Why Have My Pet's Teeth Professionally Cleaned?
Did you know about 85% of dogs and cats have some form of periodontal disease? Proper dental care is critical to a pet's overall health, just like people. If oral infection such as periodontal disease is left untreated, bacteria can travel through the bloodstream and damage internal organs, namely the heart, liver, and kidneys. Animals suffer the same kinds of dental problems as humans, including infection, severe pain, and fractured teeth.
Just as your dentist recommends you brush your teeth daily and have your teeth professionally cleaned every 6 months, we recommend your pet’s teeth be brushed daily and professionally cleaned every 8-12 months.
Signs of oral and dental diseases in dogs and cats:
- Bad breath.
- Loose teeth or teeth that are discolored or covered in tartar.
- Your pet shies away from you when you touch the mouth area.
- Drooling or dropping food from the mouth.
- Bleeding from the mouth.
- Loss of appetite or loss of weight--this combination can result from diseases of many organs and promtpt veterinary examination is important.
Dental Preventative Care
Dental care for animals is similar to dental care for humans, but animals can't brush their own teeth. To prevent dental problems select one or more of these options:
- Brush your pet's teeth with specially formulated pet toothpaste, such as C.E.T. Enzymatic Toothpaste. DO NOT use toothpaste formulated for humans as it may be dangerous to your pet. Click to download our step by step guide: "How To Brush Your Pet's Teeth"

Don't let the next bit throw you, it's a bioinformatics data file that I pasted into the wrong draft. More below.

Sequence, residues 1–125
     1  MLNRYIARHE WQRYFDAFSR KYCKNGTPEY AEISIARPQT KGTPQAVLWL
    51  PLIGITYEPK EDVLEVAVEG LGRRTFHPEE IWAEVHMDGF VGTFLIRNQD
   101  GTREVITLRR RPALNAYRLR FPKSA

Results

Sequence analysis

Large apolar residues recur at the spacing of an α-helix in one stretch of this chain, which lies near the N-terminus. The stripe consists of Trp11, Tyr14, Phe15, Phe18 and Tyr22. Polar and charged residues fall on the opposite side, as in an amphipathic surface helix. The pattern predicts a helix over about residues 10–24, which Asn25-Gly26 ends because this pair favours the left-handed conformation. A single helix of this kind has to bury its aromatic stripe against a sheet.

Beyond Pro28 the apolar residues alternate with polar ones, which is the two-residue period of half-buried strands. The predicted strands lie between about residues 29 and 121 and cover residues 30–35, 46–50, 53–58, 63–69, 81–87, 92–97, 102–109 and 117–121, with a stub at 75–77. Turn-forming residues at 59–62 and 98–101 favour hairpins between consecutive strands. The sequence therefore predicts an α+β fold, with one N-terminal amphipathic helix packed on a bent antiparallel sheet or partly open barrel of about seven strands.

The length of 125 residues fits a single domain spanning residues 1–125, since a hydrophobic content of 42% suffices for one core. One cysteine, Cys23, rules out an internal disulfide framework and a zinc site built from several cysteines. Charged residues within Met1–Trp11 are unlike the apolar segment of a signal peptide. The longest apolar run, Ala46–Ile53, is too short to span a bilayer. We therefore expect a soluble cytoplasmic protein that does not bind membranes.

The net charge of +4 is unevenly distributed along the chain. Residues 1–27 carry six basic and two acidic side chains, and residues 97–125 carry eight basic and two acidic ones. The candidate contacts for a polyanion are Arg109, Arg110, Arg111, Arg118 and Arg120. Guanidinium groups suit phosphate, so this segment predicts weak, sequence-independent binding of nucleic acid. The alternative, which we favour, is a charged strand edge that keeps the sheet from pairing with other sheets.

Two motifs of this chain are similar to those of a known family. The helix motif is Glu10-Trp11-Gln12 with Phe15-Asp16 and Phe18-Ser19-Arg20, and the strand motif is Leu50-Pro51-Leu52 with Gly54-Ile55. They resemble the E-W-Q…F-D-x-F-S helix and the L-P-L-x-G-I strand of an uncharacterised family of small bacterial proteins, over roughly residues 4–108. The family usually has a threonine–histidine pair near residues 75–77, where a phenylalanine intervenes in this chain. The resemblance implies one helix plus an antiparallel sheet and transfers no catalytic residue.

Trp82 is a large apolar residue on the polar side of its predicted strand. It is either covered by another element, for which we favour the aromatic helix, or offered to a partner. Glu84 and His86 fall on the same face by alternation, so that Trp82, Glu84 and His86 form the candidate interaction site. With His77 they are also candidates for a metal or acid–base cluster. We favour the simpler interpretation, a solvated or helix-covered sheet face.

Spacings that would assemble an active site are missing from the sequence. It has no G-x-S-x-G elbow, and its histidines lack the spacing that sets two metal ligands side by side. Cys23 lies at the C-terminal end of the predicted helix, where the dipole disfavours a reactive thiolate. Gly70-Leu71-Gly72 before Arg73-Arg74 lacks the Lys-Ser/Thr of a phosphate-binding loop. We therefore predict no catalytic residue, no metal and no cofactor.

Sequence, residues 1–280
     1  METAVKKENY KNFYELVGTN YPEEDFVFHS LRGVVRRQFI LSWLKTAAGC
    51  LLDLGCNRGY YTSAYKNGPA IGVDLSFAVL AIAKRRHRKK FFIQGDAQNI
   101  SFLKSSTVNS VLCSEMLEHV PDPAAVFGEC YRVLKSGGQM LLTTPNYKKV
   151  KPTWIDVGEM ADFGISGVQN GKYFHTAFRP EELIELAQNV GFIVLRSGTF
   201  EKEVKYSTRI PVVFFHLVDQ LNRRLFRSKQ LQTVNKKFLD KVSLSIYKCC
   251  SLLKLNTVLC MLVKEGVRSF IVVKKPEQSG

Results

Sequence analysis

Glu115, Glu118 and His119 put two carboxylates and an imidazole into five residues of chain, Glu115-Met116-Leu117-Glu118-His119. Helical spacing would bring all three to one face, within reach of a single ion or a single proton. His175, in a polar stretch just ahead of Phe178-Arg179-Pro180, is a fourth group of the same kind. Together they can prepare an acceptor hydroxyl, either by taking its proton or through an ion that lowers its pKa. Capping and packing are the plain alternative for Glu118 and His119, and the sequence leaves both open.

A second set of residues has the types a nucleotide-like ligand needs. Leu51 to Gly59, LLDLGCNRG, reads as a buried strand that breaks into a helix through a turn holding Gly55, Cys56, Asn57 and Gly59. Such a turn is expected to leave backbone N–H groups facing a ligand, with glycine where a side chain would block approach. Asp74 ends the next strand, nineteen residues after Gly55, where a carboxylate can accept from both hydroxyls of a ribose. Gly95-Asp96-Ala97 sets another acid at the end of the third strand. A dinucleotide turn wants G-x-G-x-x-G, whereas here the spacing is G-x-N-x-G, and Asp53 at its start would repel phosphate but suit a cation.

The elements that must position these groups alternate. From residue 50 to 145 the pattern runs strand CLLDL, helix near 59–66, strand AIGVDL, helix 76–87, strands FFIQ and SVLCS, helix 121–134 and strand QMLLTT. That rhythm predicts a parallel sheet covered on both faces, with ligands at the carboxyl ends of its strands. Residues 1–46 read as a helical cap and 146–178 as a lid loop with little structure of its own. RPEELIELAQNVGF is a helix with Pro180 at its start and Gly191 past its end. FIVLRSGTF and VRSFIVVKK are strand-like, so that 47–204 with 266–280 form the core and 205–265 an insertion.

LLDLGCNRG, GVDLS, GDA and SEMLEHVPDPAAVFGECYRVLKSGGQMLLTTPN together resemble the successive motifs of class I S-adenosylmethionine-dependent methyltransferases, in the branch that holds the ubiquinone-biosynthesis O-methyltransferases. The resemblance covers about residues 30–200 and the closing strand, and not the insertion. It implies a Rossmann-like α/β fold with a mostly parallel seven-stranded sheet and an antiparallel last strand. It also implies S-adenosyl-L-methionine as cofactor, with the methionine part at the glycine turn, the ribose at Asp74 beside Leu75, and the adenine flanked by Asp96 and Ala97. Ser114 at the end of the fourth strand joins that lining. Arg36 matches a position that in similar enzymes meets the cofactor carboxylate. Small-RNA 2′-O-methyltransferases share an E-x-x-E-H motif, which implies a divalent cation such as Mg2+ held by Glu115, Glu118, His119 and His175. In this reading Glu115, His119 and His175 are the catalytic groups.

- Rinse your pet’s mouth with oral hygiene rinse, such as Dentahex Oral Rinxe for Dogs and Cats, to help maintain oral health and reduce plaque.
- Give a C.E.T. or other enzyme chew to dogs daily to help breakdown plaque and tartar on a molecular level.
- Schedule regular professional teeth cleanings with Prestonwood Pet Clinic.
Periodontal Disease, explained:
The following is an excerpt from the American Veterinary Dental College (AVDC):
Periodontal disease includes gingivitis (inflammation [reddening] of the gums) and periodontitis (loss of bone and soft tissue around the teeth). There is a wide range in the appearance and severity of periodontal disease, which often cannot be properly evaluated or treated without general anesthesia for veterinary patients. Effects within the oral cavity include damage to or loss of gum tissue and bone around the teeth, development of a hole (‘fistula’) from the oral cavity into the nasal passages causing nasal discharge, fractures of the jaw following weakening of the jaw bone, and bone infection (‘osteomyelititis’). Bacteria from the mouth can enter the bloodstream and are carried around the body.
Studies in dogs have shown that periodontal disease is associated with microscopic changes in the heart, liver, and kidneys. Studies in humans have linked periodontal disease to a variety of health problems including poor control of diabetes mellitus and increased severity of diabetic complications. Additionally, it has been shown that diabetes is a risk factor for periodontal disease.
Examples of Dental Disease:
Note: dental disease staging requires dental radiographs for true classification since the bony structures cannot be evaluated by the naked eye.
Stage 1: Periodontal Disease - "Gingivitis"
Stage 2: Periodontal Disease - "Early Periodontitis"
Stage 3: Periodontal Disease - "Moderate Periodontitis"
Stage 4: Periodontal Disease - "Advanced Periodontitis"
Look At The Difference!
A professional dental cleaning by Prestonwood Pet Clinic removes plaque and tartar on the teeth and below the gum line, preparing the teeth for home dental care.